That’s a lot of ground to cover in thirty minutes. So our hope is that we can pull together the resources needed to expand this film into a feature length project and then really get it out the world.

7) Can you tell us some of your favorite independent comics or graphic novels?

Fables, Y:The Last Man, 100 Bullets, Sandman. Oh and ‘Pride of Bachdad’, another Vertigo book. Vertigo in general is pretty awesome. The ‘Walking Dead’ of course. Also, for any ‘Walking Dead’ fans that want some early work by Kirkman, check out ‘Battle Pope’. It’s great fun and a real guilty pleasure for a Catholic raised guy like myself. ‘The Tick’ and ‘Johnny the Homicidal Maniac’ are old favorites. Also recently rediscovered ‘Scud: The Disposable Assassin’ after doing some exploring at the local comic ship ‘Acme Novelty Library’ is one I got into after picking up the latest volume of ‘The Best American Comics’, which a great yearly anthology that collects excerpts from various comics books.

In addition to the books above, I’ve also gotten really into some web comics recently. Ethan Nicolles ‘Axe-Cop’ is incredible, as is Mike Norton’s ‘Battle Pug’ (I’m a sucker for anything with a cute dog!). Also keeping up with Megan Levens ‘Somewhere In Between’, which is a wonderful touching slice of life comic. We did an interview with Megan that should be up on our site soon. She’s amazing, such a great artist.

Jim & class at Meltdown Comics

8 ) When I lived in Los Angeles, I frequented Meltdown Comics as well. With comic books increasingly becoming available digitally, what are your thoughts about the future of smaller, local comic shops? How do you think this future could impact independent comics?

Digital distribution is certainly going to have a negative impact on some stores, which is a shame to be sure. Personally I think that there’s always going to be a segment of the audience that craves having that tangible comic in hand and will always make the weekly Wednesday trip to get those new books. Most comic book stores now are already relying on a core group of dedicated customers to stay afloat and I don’t see that loyal customer base disappearing overnight.

It’s the same way I look at movie theaters in the film industry. Yes smaller theater chains are struggling as it becomes easier to stream movies to big HD t.v.s. But there is always going to be a segment of people that crave the more tangible, community experience of sitting in a theater with a group of people who are all captivated by the same film. The comic book stores that will thrive are the ones that can cultivate that kind of experience for their customers. Ultimately digital comics are something the industry needs, and the stores will have to find ways to adapt.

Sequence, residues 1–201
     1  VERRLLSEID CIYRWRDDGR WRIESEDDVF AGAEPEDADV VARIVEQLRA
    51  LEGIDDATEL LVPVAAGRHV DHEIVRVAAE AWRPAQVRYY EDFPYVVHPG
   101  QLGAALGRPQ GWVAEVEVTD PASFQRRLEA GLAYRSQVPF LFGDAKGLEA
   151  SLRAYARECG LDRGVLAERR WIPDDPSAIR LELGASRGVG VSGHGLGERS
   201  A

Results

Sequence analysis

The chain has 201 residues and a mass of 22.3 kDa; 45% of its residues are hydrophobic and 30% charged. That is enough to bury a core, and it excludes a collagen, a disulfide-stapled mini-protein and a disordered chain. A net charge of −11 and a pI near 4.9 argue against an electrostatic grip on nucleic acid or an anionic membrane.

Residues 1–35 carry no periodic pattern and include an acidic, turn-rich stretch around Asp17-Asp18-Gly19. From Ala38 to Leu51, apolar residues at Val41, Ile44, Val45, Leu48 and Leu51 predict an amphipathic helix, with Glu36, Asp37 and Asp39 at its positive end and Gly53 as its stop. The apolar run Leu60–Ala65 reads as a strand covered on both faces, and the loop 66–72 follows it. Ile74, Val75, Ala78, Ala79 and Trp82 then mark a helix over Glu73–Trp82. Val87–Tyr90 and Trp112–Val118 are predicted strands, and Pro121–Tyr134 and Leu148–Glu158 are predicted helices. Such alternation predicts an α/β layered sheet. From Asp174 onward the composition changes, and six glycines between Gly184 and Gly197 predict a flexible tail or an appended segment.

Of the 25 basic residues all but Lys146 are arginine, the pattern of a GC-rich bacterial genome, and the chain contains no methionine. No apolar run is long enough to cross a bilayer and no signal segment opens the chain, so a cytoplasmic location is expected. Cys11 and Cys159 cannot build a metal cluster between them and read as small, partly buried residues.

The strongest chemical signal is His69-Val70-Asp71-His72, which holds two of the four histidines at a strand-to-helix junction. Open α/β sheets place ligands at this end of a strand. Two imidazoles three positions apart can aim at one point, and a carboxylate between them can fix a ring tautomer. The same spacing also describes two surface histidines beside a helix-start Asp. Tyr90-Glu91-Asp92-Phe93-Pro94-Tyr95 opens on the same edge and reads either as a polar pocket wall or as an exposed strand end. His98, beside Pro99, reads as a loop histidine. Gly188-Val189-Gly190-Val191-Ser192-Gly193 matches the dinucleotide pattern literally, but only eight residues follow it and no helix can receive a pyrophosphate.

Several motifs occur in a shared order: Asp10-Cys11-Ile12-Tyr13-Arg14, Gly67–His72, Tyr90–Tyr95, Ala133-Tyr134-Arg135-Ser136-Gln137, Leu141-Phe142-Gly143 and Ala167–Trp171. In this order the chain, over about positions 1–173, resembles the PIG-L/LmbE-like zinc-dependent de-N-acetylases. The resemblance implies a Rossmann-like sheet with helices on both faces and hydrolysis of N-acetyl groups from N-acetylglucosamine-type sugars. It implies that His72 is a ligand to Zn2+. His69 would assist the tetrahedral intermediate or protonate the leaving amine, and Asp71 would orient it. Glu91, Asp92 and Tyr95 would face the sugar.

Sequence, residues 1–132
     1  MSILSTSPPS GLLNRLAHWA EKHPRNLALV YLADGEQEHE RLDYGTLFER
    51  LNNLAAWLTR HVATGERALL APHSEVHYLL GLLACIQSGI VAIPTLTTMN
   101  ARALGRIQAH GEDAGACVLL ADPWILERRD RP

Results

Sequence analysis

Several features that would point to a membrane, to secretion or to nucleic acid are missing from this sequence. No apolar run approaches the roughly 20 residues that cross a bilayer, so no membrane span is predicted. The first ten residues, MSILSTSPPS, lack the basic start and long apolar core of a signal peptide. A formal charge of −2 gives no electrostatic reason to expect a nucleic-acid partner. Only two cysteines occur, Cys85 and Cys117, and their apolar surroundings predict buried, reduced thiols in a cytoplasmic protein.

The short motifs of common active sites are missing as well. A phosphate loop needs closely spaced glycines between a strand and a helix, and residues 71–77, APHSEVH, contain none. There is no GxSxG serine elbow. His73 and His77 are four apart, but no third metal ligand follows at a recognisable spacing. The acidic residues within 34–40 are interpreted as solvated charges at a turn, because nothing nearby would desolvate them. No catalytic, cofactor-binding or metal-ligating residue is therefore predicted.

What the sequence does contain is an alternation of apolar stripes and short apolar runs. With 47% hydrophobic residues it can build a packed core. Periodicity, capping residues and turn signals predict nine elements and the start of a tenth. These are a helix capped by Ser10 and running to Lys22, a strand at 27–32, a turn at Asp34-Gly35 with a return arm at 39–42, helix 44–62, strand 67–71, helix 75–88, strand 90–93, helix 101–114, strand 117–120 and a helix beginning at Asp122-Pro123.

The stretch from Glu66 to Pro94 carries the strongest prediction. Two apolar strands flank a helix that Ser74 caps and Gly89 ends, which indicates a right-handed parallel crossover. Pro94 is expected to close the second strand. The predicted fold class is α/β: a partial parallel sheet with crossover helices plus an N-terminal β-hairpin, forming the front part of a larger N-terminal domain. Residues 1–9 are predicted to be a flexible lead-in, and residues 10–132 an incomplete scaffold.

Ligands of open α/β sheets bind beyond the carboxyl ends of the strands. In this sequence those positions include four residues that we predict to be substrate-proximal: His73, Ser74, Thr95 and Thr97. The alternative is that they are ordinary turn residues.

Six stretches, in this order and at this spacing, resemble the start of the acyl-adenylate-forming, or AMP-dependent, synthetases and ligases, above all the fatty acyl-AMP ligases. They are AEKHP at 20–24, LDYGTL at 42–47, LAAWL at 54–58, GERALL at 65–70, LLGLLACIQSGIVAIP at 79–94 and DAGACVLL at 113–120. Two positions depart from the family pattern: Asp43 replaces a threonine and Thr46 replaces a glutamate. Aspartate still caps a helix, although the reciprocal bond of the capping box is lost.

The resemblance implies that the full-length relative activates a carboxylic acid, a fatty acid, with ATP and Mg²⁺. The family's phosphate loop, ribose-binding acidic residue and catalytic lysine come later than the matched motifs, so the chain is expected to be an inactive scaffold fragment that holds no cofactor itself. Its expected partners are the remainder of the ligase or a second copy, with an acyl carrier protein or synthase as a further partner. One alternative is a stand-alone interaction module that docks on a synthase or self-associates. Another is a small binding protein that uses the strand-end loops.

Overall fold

9) Finally, what are your thoughts on webcomics? Where do you think webcomics fit into all of this?

Webcomics are a huge part of the indie comic scenes these days and are certainly something we’ll be touching on a lot in the film. All the creators I know or have talked to for the doc have at one point in time worked on a web comic. Doug just finished his first web comic, ‘Ratfist’ and is now starting a new one. Eliza got started by doing a web comic, which then led her into doing comics books full time. Again, we talk a lot about comics as the most democratic art form and web comics is a great extension of that.

The first interview I did when I was exploring the possibilities of the documentary was with Eric Canete, who currently works for DC and has done art for the mainstream books, video games, and has done a bit of independent work as well. When describing what makes comics a unique form of visual storytelling, different from film or television, he constantly brought up the idea that independent comics can be a “one to one” medium. The creator and the reader.

Web comics takes that “one to one” mentality to a whole new level. Now anyone with a way to draw and scanner, can get their stories out to the world and have an instant connection with their audience. I think that can be incredibly liberating for creators. Doug told us how he loved doing ‘Ratfist’ because he said he could put a page up online and a few hours later already have comments and responses waiting for him from his audience. He loved having that connection as the work was being created, something he said he doesn’t get when he’s locked away in his studios for months working on a new graphic novel.